Microfinance and credit cards

Got an email from the Grameen Foundation giving anecdotal evidence for the wonders of microfinance, “It was a beautiful mid-June day for the two-hour drive to the rural village of Gashora, Rwanda…”

How is microfinance different from mailing credit cards to people who can ill afford paying credit card interest rates?

On the Grameen Foundation website we are informed that “MFI [Microfinance Institutions] interest rates can range from 15 to 35 percent, depending on the conditions in each MFI’s service area.”

Some people will invariably overextend themselves. Is it ethical to make money off poor people who have been given access to credit, if their ventures fail?

Islamic finance bans interest, and the lender can either take an equity stake in the venture, or, under profit and loss sharing, take all the responsibility for any losses. The lender therefore has a strong incentive not to induce the borrower to overextend herself.

Providing credit for poor people is good, but providing microfinance based on Islamic finance principles would be better.


3 thoughts on “Microfinance and credit cards

  1. May I suggest a few hours at
    might help answer some of the questions
    you raise.
    Certainly credit can lead to problems.
    But the misuse of anything can.
    The people I have read and heard who
    have seen the changes in the lives
    of people who use their microcredit
    loans to improve their businesses
    strongly favor microcredit.
    Perhaps if you looked more closely,
    you would too.

  2. If effective cash flow analysis is conducted, and appropriate incentives are created then risk mitigation becomes less of an issue for MFIs and others provisioning credit. Have a close look at the Microenterprise Access to Banking Services (MABS) program (www.rbapmabs.org), as it seeks to address many of these concerns for more than 80 rural banks in the Philippines. There is an inherent risk in any commerical enterprise, but with accurate risk assessment on both the client and lender side, this can and is reduced effectively impacting livelihoods and significantly reducing poverty in rural/poor communities.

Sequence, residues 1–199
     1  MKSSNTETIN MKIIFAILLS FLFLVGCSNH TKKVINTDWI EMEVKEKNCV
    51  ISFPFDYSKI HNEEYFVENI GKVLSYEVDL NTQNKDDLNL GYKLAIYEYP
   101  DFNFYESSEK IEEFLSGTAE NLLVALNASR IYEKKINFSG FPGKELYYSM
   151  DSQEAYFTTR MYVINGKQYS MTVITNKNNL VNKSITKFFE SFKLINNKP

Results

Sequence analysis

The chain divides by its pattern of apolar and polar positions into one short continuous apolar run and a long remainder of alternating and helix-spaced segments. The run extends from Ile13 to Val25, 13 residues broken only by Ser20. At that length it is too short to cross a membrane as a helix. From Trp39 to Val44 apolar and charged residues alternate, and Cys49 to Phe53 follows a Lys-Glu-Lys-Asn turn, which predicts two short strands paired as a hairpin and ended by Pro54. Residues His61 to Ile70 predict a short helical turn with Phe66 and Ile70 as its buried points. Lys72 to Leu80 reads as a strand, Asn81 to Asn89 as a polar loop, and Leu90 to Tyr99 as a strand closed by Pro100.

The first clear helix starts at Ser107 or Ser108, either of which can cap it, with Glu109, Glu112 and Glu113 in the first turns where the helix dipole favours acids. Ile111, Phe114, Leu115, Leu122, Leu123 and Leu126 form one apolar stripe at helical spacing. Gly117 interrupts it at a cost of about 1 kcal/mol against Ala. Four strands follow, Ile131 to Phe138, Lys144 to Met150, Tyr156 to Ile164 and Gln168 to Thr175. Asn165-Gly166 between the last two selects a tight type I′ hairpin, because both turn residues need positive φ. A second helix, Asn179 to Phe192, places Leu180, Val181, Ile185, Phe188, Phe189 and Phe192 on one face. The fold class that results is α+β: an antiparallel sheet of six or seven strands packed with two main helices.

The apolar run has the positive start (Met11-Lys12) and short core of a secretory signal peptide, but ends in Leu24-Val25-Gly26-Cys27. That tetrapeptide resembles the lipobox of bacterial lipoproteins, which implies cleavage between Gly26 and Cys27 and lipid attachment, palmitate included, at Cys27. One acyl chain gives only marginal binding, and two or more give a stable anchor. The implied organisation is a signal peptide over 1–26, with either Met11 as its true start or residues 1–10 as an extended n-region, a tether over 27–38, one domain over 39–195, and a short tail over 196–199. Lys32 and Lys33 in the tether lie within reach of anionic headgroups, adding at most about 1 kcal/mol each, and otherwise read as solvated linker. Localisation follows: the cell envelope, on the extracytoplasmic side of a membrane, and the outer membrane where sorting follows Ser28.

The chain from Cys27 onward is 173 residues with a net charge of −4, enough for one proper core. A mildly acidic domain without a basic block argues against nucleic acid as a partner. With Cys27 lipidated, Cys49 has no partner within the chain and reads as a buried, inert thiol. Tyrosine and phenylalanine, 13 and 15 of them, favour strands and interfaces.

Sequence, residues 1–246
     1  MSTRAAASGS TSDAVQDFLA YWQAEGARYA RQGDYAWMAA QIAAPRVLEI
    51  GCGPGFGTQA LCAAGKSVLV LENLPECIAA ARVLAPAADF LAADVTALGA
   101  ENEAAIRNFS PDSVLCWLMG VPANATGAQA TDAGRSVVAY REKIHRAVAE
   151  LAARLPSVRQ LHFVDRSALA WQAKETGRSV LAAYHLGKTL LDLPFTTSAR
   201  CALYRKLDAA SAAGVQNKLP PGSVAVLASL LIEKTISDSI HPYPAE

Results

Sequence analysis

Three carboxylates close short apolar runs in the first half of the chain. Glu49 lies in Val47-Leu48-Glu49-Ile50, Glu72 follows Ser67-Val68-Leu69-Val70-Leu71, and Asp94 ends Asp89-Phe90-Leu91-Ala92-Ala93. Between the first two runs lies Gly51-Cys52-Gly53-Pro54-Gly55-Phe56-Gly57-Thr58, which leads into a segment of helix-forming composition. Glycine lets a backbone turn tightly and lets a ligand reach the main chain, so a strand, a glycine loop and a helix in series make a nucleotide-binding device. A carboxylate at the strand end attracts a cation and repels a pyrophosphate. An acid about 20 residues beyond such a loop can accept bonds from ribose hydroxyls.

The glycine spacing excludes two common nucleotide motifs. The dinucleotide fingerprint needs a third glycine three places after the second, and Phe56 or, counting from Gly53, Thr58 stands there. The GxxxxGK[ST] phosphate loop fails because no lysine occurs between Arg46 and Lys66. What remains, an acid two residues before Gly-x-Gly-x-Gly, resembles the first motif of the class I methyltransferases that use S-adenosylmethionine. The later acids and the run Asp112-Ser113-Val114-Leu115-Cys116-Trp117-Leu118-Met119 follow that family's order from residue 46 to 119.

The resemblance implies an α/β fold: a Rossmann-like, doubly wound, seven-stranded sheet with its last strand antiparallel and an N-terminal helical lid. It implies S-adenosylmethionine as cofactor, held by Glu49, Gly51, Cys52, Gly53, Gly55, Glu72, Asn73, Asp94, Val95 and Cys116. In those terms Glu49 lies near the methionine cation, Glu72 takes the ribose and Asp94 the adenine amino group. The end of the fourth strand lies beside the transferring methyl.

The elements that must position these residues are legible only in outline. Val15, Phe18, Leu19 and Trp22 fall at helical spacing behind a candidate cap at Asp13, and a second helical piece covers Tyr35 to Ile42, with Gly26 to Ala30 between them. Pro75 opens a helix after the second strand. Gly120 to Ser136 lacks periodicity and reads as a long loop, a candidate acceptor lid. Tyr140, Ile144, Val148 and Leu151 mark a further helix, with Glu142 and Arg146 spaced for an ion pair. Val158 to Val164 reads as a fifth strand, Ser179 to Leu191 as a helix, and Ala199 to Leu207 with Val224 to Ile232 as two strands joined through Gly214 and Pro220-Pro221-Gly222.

3. Both are good if it they are utilized appropriately. It is understandable that the lenders (for both credit cards and microfinance) expect to make money but if the creditor knows how to handle his finances, knows what he’s getting into when he decided to take the plunge, he can use it to his advantage. There are small business starter credit cards that can be accessed online and I agree that it is the perfect credit card for those who are down on their luck and wants to get back on their feet.

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